"For Alpine, this product falls short."1.5 starson by iwasnevy
Pros: Easy plug-in to head unit, minimal wiring connections.
Cons: Dissapointing performance, poor quality.
Summary: Considering Alpine's impeccable track record in the high-end mobile audio arena, the KCA-100BT Bluetooth module is a sore disappointment. Still in its first model year run, Alpine could make some serious improvements to this product, which I expect we'll see in upcoming model releases. After all, this is one of Alpine's first ventures into the consumer mobile communications market, so I would expect there to be a learning curve. Too bad I won't own it long enough to see the improvements. I already returned mine after having it for only a week.
I purchased the KCA-100BT specifically because it interfaced with my Alpine head unit. Although the instructions were minimal, Installation was a breeze - I simply plugged it into the back of the stereo, hooked up a mute wire, clipped the microphone on the sunvisor and mounted the remote button. Pairing to my Motorola RAZR V3 from Cingular went as smoothly as the rest of the installation. I soon discovered, however, that its performance and features were very limited.
Coming from Alpine, one would expect at least the caller ID to be displayed on the radio face, but all that shows when the phone is in use is "Interrupt". The microphone was very weak and seemed to pick up too much background noise, which was confirmed by several test calls and subsequent research on the internet. When speaking loudly, preprogrammed numbers from the telephone's address book could be voice dialed, but it oftentimes took two or more attempts to get it to recognize a name. The receiving parties repeatedly had trouble hearing the conversation and occasionally heard their own voice echoing, even with the car turned off. Alpine released a software update in mid-summer to fix a voice echoing problem, and even though this was one of the updated units, it still didn't perform well enough to carry on a reasonable conversation while driving.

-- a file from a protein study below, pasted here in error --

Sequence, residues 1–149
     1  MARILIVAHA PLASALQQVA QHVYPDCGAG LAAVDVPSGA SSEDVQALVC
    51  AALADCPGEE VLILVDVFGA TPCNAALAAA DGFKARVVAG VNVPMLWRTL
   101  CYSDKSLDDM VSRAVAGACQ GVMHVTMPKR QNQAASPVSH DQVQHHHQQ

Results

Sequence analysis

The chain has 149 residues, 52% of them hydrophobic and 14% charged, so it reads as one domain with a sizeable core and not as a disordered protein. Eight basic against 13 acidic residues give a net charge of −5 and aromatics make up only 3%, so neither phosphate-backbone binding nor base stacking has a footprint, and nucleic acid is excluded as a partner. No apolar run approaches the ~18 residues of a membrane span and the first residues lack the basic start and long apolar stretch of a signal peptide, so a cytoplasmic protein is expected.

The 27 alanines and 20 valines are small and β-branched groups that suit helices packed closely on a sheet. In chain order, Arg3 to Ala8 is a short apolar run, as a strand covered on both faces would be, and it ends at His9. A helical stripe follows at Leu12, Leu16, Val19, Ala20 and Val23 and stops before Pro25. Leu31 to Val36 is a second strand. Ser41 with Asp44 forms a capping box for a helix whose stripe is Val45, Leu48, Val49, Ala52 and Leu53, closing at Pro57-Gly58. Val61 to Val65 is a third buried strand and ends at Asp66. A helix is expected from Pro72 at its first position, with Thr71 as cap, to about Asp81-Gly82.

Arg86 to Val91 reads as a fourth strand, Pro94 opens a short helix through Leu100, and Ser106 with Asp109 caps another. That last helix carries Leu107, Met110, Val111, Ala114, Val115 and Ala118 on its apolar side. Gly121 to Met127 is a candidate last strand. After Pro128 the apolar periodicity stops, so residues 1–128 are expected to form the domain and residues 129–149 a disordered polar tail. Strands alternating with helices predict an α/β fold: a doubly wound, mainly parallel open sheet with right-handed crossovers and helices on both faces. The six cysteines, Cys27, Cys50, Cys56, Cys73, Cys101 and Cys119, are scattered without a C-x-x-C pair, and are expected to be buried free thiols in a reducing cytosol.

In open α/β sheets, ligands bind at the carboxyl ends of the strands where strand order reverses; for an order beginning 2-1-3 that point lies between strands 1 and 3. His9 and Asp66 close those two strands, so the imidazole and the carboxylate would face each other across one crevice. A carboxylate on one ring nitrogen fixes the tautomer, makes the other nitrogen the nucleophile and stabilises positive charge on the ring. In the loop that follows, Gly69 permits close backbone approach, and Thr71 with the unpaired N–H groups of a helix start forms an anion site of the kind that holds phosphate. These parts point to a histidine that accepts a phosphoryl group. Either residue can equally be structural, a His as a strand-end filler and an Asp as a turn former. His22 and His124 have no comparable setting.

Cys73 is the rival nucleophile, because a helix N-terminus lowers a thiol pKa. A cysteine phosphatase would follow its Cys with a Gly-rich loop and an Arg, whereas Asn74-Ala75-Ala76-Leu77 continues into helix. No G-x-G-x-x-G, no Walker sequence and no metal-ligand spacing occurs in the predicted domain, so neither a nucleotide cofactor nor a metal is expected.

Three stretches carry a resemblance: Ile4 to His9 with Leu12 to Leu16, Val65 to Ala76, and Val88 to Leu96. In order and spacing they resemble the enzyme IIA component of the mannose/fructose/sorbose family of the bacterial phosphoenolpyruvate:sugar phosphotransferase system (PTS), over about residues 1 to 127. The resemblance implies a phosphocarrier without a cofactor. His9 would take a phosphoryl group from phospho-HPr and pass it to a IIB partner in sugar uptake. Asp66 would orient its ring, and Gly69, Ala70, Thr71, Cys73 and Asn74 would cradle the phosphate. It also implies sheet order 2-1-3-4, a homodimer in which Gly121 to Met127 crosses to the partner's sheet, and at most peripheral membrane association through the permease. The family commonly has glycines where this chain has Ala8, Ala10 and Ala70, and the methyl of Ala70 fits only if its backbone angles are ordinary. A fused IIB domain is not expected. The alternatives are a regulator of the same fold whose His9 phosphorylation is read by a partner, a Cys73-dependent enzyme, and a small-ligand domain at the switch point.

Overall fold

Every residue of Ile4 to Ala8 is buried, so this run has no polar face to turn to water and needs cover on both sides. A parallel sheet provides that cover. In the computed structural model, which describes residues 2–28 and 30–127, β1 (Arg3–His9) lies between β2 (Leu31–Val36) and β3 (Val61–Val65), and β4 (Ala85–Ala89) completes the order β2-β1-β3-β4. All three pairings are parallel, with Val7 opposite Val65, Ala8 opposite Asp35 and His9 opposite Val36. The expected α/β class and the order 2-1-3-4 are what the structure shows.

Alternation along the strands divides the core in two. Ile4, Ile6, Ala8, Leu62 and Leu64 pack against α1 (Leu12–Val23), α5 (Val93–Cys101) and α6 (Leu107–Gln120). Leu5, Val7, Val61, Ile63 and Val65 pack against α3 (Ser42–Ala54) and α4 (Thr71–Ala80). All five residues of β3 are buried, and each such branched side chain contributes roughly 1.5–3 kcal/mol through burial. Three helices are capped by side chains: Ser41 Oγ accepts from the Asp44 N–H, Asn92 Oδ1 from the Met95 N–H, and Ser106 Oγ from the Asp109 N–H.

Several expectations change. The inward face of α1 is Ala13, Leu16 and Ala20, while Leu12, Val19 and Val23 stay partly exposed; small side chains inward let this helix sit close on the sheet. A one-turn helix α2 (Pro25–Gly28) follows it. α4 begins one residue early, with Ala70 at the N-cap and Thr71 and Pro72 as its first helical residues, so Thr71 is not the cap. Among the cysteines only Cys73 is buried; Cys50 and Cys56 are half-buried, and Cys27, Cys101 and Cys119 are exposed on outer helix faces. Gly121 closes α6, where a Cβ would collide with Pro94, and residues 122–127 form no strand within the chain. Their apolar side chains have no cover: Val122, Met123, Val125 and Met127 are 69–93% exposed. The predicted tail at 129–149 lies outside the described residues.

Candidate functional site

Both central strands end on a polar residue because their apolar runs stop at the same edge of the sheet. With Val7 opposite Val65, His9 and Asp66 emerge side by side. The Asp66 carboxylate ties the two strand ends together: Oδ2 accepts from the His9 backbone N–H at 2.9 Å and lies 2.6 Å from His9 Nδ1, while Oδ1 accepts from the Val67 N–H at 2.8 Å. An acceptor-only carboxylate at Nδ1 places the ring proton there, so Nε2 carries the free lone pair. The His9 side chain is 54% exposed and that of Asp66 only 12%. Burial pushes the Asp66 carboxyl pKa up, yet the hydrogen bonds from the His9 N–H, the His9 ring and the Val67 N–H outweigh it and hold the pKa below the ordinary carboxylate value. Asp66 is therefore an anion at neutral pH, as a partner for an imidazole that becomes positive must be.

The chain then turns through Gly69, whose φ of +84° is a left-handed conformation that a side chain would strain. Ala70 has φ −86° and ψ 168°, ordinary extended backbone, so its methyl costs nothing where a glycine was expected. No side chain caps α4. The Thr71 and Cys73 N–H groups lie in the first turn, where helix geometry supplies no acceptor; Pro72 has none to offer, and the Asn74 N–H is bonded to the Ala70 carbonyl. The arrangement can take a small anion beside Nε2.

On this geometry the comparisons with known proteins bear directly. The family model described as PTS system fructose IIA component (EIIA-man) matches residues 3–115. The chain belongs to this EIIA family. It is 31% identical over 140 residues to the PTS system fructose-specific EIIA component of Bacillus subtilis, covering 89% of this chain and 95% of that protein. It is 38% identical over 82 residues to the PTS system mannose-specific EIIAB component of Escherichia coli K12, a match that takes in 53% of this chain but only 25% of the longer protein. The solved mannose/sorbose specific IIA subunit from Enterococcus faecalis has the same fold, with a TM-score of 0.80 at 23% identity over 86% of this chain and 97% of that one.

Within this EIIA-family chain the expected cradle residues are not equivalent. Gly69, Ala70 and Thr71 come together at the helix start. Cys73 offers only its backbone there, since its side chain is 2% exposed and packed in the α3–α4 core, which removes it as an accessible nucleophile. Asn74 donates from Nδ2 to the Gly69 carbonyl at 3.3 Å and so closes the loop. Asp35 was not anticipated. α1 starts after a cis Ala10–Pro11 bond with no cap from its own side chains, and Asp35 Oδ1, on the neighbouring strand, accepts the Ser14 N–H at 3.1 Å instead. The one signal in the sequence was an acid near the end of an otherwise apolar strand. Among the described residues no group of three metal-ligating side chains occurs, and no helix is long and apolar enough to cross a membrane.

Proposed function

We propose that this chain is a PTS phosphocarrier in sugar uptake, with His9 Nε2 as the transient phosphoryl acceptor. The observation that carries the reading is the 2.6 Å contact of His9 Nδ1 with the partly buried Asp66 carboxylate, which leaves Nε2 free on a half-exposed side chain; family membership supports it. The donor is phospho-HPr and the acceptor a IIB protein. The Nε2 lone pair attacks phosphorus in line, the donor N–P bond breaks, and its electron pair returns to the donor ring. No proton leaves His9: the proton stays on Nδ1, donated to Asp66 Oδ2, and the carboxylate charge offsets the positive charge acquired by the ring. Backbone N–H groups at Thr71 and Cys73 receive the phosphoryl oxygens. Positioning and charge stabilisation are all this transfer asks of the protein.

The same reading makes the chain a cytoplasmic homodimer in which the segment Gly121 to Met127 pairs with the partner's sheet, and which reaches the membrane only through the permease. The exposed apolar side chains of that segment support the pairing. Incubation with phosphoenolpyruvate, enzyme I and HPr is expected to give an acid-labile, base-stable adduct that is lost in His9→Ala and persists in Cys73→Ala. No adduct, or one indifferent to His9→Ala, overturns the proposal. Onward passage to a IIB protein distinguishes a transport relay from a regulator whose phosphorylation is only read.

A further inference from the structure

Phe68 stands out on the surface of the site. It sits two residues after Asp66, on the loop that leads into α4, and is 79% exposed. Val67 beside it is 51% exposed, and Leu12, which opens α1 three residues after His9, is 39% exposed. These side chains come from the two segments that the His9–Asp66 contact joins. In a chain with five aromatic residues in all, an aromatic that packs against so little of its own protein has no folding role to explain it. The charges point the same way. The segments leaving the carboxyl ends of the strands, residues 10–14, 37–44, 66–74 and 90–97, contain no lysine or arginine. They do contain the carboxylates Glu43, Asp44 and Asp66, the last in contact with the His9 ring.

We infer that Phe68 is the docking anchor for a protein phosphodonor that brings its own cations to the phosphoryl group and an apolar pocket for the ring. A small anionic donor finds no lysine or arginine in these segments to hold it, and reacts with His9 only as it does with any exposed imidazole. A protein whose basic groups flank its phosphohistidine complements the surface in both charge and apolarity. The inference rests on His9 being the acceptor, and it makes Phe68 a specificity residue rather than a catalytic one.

It seems that the only thing that was accomplished by purchasing this integrated unit was to be able to pipe the telephone's sound to the vehicle's speakers via a plug-and-play connection at the back of the stereo instead of connecting a few extra speaker wires. This unit did nothing that any other hands free kit could do, and its performance was worse than its counerparts.
Alpine obviously needs to put more effort into the engineering of this hands free kit. Given the lack of true integration and the cheap generic microphone, It seems as though Alpine rushed to get a competitive hands free kit on the market without first investing in product research and development. Until Alpine makes some significant improvements to this product, they will be at the back of the pack while companies like Motorola and Parrot continue to gobble up their loyal consumers.